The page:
I have booked several cruises over the past two years for my husband and myself through Travelocity and I have been very pleased. Because the itinerary did not concern us that much and we didn't know one ship from another, I looked for the cheapest price. Our first cruise was out of Fort Lauderdale on Norwegian Cruise Lines and our second was out of Galveston on Carnival. We drove both times to our departure points. Rather than park in the cruise lots, we discovered we could stay a night in a nearby budget hotel and get to leave our car in their lot while we cruised for less. We dropped off our luggage at the cruise terminal, drove back to our motel, and then walked to the ship. On our return, one of us stayed with the luggage and the other walked to the motel to get the car. When we are ready to cruise again, I will go straight to Travelocity. Their red hot deals are unbeatable.

Here's another tip. They have started automatically putting tips on your credit card. We did not choose to tip in this manner, and as soon as the cruise got under way, we went to the Pursar and requested the charges be removed. They were. We got the little envelopes instead and tipped the amount that we chose. Elaine

Cruise Tips from the Inside

I used to work for one of the major cruise lines, and you can get some very good rates from the companies. Usually the best route to go is not through the Internet or travel agent. Call the company's reservation line. All cruise lines have excellent rates if you are willing to go on "last minute" cruises. You also need to be flexible about your cruise destination. A few weeks to a month before a cruise, they will give really good prices because they want to fill up the ships. It is going to cost the company the same amount to sail full as it will to sail half full. They want to try to fill every cabin. Their revenue is going to come from the spending in the bars, casinos, gift shops and so on.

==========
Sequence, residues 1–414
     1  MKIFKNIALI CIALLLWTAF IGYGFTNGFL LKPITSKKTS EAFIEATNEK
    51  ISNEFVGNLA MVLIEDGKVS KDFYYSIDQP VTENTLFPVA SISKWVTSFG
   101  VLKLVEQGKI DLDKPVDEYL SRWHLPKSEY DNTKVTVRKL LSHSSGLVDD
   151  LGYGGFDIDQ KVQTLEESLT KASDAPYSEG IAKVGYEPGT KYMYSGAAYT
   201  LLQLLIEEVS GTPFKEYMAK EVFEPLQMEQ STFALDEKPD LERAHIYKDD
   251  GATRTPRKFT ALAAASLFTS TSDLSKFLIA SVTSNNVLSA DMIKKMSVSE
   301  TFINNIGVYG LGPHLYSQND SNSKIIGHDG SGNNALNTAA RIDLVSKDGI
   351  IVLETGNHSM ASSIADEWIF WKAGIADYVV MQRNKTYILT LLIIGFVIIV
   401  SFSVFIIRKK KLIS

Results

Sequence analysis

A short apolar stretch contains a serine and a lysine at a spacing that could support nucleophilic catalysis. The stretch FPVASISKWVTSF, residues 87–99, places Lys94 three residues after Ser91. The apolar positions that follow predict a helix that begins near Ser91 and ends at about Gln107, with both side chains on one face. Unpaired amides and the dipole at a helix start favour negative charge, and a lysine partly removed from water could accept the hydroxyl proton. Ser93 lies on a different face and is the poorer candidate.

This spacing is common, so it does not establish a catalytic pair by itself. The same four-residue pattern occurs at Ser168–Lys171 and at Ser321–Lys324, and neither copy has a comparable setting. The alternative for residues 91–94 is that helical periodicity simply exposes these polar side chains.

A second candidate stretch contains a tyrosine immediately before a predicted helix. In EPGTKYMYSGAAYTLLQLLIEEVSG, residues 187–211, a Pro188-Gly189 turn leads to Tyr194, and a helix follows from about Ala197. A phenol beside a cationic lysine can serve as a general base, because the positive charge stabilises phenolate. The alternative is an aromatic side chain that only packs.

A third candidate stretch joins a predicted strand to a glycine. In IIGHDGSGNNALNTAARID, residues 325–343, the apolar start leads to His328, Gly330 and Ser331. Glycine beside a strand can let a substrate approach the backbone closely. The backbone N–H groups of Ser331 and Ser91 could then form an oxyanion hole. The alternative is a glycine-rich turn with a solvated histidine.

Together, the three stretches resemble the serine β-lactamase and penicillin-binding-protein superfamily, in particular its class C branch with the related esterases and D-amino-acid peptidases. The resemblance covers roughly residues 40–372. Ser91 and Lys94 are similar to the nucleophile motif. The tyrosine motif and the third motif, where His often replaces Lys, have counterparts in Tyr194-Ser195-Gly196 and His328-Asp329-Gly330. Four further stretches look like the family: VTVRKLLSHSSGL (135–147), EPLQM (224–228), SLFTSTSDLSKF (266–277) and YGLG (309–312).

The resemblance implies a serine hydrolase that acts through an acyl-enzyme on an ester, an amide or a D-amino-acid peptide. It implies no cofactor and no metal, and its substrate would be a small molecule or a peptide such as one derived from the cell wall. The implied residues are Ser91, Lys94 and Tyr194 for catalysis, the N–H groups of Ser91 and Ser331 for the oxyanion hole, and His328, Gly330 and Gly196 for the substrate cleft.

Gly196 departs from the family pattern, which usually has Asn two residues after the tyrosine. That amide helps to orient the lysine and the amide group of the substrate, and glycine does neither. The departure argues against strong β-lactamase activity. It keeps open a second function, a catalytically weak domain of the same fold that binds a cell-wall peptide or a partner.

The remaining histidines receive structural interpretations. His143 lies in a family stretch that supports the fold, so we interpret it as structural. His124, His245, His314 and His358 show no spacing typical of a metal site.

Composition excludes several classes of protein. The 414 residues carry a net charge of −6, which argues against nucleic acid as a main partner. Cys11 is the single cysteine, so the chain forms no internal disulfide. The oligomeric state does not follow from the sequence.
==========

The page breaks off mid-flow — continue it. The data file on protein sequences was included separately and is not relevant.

Before I started working on ships, I had discovered another way to get inexpensive or free cruises. I did this and received a free cruise for myself, my husband and two children. This method required going through a travel agent and involved sharing your cruise with friends, family, co-workers, etc. They will arrange with the cruise line to set aside a block of cabins for you to "sell." Then you convince others that they need to cruise at the same time you do and send them to the travel agent to make their arrangements. Being a nurse, I came up with a brochure about the signs and symptoms of needing the prescription of a cruise, including the description of the cruise, and the travel agent printed it for me to pass out. It was a lot of fun to take a bunch of people. Nancy

Don't Forget Warehouse Stores

Our local warehouse store (BJ's) has cruises for a lot cheaper than I have ever seen them. Look online and find out all the details. hbe

Be Sure to Comparison Shop

In my experience the best cruise prices come from high-volume travel agents, not cruise line websites. I've had good experience with crucon.com and with my local American Express travel agent. Don't forget that you can call multiple places and compare. Here are a few other suggestions.

  1. Know generally what you want before you go (destination, duration, and budget)

  2. In addition to the quoted price plus tax, don't forget to factor in the cost of bar drinks, souvenirs, shore excursions, and tips (for your waiter, cabin steward, etc.)

  3. If you don't have your heart set on one particular shore excursion and aren't overly skittish, you can dramatically minimize these costs by not buying them from the cruise line. Instead, find a tour guide on shore. There are tons of guides at every port.

  4. The Caribbean is generally the most competitive market, and therefore, it has the best prices.

  5. Newer ships are almost always better than older ships, and they are not necessarily more expensive.

  6. Cruise when school is still in session for better prices and fewer kids.

Overall, cruise vacations are outstanding value for money. Have a wonderful time! Patricia

Updated October 2013


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  • For all of your traveling needs, check out Expedia.com